Present Day Misunderstanding about the Church
O. C. Birdwell
Statements are often made which indicate a prevalent lack of knowledge about Bible teaching concerning the church. Some ask, "Do you mean that one has to be a member of the church to be saved?" Another may say, "The church is not the savior," inferring by the statement that someone teaches that the church is the savior. Also, one might hear, "I believe one church is as good as another," indicating that they believe Jesus built many and that they are all equal. To this list the reader may be able to add similar statements he has heard, or possibly some that he himself has uttered. With this problem before us, let us do some simple, but honest and revealing, study about the church in the New Testament, and try to see how that church relates to our salvation.
"Church" in the New Testament
The Greek word "ekklesia, " in the Greek New Testament, has been translated in different places by the words "church," "congregation," and "assembly." The word "church" is used when reference is made by Jesus to the universal body He would build (Matt. 16:18), and also, by the apostle Paul, when he addresses a local congregation (1 Cor. 1:2). The word "congregation" is used on occasions when the writer is speaking of the local church or assembly (Heb. 2:12, ASV, or Matt. 18:17, ASV, see footnote in ASIA. The word `ekklesia"was commonly used in the days of the apostles to refer to most any assembly of people. Such is its usage in Acts 19:39, where it is translated "assembly." The word is used by Luke to refer to townspeople who were not Christians. The word is also used in our day to refer to bodies of people who obviously do not belong to Christ. Just because a group may be a church does not mean they are "of Christ." The word, however, is the one used by our Lord in Matt. 16:18 when He spoke of the spiritual institution He would build. He also called it the kingdom and revealed that it would begin in Jerusalem, in the lifetime of the then present disciples, and with the coming of the Holy Spirit to guide them unto all the truth. The event took place in Jerusalem on the Pentecost following the ascension of Christ (Luke 24:46ff; Acts ch. 1 and 2). The facts of the gospel were preached. People believed the facts and asked "What shall we do?" They were told to "repent and be baptized." The Lord added "to them day by day" (v. 47, ASS, or to "the church daily" (KJV), such as were being saved. Obviously, those who were saved from past sins were added by the Lord to His church. They did not "join the church" but became members through their obedience to the gospel. In our day, if one has forgiveness of past sins and enters the church, he will do so through this same process.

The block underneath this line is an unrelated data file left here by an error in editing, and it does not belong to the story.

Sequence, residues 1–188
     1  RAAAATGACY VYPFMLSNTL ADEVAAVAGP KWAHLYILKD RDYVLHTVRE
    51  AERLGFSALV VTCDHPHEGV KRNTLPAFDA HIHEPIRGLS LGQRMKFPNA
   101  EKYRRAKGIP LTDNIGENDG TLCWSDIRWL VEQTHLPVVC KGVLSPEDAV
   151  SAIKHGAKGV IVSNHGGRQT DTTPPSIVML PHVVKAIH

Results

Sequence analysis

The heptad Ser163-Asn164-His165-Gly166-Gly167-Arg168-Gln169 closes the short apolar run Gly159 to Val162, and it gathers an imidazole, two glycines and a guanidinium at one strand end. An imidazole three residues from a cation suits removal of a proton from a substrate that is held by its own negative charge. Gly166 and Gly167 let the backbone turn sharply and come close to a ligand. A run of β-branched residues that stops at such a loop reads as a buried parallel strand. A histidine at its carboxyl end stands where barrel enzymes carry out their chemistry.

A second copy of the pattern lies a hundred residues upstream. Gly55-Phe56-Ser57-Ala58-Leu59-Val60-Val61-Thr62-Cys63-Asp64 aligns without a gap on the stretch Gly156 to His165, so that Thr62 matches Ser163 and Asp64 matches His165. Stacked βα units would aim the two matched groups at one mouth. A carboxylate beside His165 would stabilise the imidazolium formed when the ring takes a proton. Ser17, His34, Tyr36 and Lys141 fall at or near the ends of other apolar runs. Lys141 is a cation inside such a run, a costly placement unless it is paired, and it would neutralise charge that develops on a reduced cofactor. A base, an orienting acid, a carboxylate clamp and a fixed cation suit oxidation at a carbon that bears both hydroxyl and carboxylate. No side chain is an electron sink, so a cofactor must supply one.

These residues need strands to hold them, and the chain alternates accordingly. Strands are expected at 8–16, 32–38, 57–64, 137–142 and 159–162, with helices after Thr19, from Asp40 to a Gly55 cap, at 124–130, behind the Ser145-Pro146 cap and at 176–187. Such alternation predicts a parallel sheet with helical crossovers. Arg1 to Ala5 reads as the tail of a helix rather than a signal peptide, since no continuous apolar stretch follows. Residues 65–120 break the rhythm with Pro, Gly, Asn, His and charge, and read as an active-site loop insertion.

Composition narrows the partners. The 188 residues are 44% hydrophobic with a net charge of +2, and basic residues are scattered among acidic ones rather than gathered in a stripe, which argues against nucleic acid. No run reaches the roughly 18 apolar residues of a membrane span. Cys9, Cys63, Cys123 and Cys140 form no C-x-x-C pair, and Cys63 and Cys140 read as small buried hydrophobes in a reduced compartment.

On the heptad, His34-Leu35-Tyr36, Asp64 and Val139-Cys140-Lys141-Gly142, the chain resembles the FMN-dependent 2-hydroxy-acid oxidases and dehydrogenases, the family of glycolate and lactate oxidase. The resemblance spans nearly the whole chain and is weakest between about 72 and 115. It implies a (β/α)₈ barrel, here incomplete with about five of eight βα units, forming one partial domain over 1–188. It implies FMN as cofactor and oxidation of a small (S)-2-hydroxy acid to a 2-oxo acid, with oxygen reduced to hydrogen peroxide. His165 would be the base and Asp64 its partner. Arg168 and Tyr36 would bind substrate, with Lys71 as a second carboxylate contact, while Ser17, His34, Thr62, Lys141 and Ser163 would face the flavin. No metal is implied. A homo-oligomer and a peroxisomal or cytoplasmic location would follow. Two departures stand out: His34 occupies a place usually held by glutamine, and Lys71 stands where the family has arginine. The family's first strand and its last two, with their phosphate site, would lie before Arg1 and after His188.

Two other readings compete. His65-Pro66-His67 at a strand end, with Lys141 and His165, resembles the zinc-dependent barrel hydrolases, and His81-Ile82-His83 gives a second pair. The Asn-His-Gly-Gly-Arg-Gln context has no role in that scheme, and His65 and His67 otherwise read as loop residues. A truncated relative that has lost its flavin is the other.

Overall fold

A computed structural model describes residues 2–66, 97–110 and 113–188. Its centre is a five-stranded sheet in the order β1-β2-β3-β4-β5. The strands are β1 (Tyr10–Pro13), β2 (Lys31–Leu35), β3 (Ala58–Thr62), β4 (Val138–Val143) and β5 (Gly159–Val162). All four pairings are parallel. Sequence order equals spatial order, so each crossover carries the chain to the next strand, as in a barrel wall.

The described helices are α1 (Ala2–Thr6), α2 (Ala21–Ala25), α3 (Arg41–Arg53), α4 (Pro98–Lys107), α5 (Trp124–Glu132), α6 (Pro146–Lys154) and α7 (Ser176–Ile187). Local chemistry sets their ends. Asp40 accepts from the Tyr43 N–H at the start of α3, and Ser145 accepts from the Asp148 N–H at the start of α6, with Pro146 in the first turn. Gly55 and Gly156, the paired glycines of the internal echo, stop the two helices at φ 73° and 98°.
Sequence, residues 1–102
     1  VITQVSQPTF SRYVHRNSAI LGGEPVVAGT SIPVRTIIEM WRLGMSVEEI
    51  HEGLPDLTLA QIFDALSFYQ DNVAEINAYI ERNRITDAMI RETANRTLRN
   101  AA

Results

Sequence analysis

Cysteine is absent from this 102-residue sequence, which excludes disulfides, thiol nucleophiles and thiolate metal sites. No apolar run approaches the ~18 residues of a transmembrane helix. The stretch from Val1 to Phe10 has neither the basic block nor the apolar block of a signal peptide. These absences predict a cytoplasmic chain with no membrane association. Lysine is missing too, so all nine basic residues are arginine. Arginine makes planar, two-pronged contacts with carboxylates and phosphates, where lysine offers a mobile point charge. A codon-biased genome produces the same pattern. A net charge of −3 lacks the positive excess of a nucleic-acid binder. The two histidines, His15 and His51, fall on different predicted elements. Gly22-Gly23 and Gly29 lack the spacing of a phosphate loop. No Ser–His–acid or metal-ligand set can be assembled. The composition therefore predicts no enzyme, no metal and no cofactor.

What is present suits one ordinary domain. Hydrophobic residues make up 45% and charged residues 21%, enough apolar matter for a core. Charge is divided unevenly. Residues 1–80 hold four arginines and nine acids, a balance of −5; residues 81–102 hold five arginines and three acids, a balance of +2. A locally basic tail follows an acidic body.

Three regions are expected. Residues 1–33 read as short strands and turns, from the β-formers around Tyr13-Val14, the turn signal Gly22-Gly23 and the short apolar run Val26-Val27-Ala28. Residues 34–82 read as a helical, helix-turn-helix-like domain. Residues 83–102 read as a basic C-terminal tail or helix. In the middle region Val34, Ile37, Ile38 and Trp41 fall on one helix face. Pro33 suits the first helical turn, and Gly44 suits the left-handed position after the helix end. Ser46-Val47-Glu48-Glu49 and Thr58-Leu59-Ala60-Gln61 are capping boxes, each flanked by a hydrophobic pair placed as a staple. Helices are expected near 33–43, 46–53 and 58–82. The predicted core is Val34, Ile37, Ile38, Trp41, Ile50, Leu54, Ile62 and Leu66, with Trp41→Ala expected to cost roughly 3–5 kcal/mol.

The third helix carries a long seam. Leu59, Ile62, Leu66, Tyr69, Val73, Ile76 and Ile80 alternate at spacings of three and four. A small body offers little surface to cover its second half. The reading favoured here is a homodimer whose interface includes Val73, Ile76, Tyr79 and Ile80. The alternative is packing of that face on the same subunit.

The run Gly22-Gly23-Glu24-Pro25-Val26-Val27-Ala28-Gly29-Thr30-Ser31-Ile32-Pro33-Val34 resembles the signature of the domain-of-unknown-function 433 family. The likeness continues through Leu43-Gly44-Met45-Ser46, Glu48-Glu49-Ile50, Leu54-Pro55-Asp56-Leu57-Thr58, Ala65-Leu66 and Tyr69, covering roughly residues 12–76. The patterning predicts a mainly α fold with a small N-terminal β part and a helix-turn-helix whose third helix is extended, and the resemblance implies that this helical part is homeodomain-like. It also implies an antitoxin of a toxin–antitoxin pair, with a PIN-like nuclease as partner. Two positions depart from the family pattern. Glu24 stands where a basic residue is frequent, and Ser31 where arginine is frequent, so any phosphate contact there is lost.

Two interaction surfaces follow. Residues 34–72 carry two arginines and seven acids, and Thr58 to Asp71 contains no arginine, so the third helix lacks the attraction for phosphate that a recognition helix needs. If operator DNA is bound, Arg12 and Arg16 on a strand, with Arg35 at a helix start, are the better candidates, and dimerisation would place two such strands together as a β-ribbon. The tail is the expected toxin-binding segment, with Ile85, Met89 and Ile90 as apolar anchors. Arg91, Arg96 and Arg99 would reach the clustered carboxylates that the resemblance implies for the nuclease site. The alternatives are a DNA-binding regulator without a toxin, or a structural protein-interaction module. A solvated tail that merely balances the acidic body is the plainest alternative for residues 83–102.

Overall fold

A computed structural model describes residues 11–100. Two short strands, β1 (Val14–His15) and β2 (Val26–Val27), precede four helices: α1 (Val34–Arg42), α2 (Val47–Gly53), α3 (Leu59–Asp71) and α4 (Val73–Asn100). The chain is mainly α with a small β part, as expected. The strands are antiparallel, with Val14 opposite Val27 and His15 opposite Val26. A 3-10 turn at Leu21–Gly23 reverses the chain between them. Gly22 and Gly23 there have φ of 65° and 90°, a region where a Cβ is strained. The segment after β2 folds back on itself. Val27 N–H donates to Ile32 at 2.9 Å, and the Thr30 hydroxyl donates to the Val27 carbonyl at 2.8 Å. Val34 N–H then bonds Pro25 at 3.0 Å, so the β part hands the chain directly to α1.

Are Denominations the Church?
It is popularly believed that the church is the sum of all the denominations in the world. Often John 15:5 is used for proof. Jesus said, "I am the vine, ye are the branches." Many interpret this statement as they view modern denominationalism. They conclude that Jesus means that the different churches are branches. This is not the case. Jesus is speaking about His disciples, individually, being branches. He said, "If a man abide not in me, he is cast forth as a branch"'(v. 6). It is somewhat ridiculous to suppose that the denominational bodies, many of which teach diametrically opposed doctrines, could come together to make up the one body of Christ. The idea is surely not taught in the New Testament.
Why Do Many Churches Exist?